I have two tickets to give away to the May 29th trivia extravaganza! That way you can sign up and also have a friend or family member join the fun from their screen at home. Here’s how you can enter to win:
Commit Us to Memory: Black Women Curators Interrupting the Canon
When: Thursday, May 27, 2021 at 4:00 Where: Vancouver Art Gallery ZOOM channel Tickets:RSVP here
The roundtable stems in part from Commit Us to Memory (2020), a provocative site-specific installation by Lewis conceived specifically for Where do we go from here? in response to the Gallery’s colonialist architecture and history. Located at the centre of the exhibition, this monumental text-based work functions as a kind of manifesto, poem, and testimony, which speak to the complexity of Black Canadian expression and experience. Lewis integrates into the installation the titles of important exhibitions curated by Black curators in Canada, proposing a groundwork for an art history of Black artistic production across Canada. For this important roundtable discussion, Lewis and her peers will reflect on the ongoing work—both past and present—of building a Black art history for the future.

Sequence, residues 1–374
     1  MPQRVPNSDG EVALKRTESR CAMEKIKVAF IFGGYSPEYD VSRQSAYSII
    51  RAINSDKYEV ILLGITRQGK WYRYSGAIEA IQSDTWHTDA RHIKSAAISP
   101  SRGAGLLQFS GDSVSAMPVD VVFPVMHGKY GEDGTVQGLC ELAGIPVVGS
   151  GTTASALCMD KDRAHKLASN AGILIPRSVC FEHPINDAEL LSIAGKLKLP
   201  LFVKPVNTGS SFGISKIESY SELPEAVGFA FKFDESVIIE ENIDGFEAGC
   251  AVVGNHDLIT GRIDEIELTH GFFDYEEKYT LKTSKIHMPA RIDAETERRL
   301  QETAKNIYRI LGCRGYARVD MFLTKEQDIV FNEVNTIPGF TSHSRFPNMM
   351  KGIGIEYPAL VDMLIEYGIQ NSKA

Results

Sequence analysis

About the Speakers
Alyssa Fearon currently holds the position of Director/Curator at the Dunlop Art Gallery, Regina Public Library. Integral to Fearon’s curatorial practice is a community-based approach that prioritizes the voices of historically underrepresented audiences. In 2018, Fearon was the inaugural Curator of Nuit Blanche Toronto’s Scarborough zone. Fearon was also a Curator at the Art Gallery of Southwestern Manitoba (2018-2020). She has held lecturer positions at York University, University of Toronto Scarborough, and Brandon University. Raised in Scarborough, Ont., Fearon is now based on Treaty 4 territory in Regina, Saskatchewan.